During the spring 2019 refueling outage, the licensee observed 31 original baffle-former bolts with visual indications of degradation. The licensee therefore performed an ultrasonic examination of all the original baffle-former bolts and a sample of the bolts replaced in 2016. The licensee identified a total of 228 potentially degraded baffle-former bolts, including the 31 bolts with visual indications. One baffle-former bolt identified by UT as degraded was a replacement bolt. The licensee plans to replace 272 baffle-former bolts, including additional non-degraded bolts to provide additional margin. The bolt replacement is expected to be complete in mid-June, 2019.

Salem, Unit 1 is the only plant in the most susceptible group to find a large number of degraded baffle-former bolts during a follow-up examination. The NRC staff is currently monitoring the licensee’s corrective actions and root cause analysis and will assess whether additional guidance is needed with respect to timing of the follow-up examination of baffle-former bolts.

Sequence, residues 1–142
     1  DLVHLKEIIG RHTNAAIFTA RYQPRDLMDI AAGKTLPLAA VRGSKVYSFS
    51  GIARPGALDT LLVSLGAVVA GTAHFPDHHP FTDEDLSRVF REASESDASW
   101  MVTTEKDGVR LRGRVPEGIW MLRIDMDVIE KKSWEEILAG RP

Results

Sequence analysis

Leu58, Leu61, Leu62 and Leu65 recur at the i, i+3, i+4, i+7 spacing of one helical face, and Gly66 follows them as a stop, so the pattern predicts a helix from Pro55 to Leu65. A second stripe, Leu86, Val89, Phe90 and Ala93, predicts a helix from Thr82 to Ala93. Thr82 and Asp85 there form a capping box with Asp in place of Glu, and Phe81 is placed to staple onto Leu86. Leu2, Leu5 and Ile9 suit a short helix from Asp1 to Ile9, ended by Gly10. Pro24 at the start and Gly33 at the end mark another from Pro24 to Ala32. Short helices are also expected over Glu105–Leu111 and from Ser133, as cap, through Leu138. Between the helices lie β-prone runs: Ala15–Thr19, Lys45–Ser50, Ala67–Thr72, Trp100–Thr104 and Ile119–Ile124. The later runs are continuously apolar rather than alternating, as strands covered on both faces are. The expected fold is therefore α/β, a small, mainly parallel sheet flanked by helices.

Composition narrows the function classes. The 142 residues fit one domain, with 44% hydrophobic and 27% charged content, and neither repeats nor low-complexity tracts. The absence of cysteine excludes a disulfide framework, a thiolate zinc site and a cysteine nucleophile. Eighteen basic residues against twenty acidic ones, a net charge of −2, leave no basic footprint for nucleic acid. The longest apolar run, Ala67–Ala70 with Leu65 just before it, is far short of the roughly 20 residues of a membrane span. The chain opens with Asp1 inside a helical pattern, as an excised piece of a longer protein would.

D.C. Cook Unit 2 – During the October 2016 refueling outage, D.C. Cook Unit 2 performed visual and UT examinations of all baffle-former bolts. The UT examinations were performed earlier than originally scheduled in accordance with MRP interim guidance. The inspection found 181 baffle-former bolts to be potentially degraded. Of these, six were replacement bolts installed in 2010. These six bolts were sent for laboratory testing to further investigate the extent of degradation. Indiana Michigan Power Co., the operator of D.C. Cook, replaced all the potentially degraded bolts and some additional bolts for a total of 201 bolts replaced, and performed analyses to support Unit 2's return to service and the continued operation of Unit 1. The licensee performed a follow-up UT inspection of all baffle-former bolts during the spring 2018 refueling outage, finding no degraded replacement bolts, and four degraded original bolts.  The licensee also replaced an addition 210 bolts and converted the reactor to upflow to reduce the stresses on the bolts.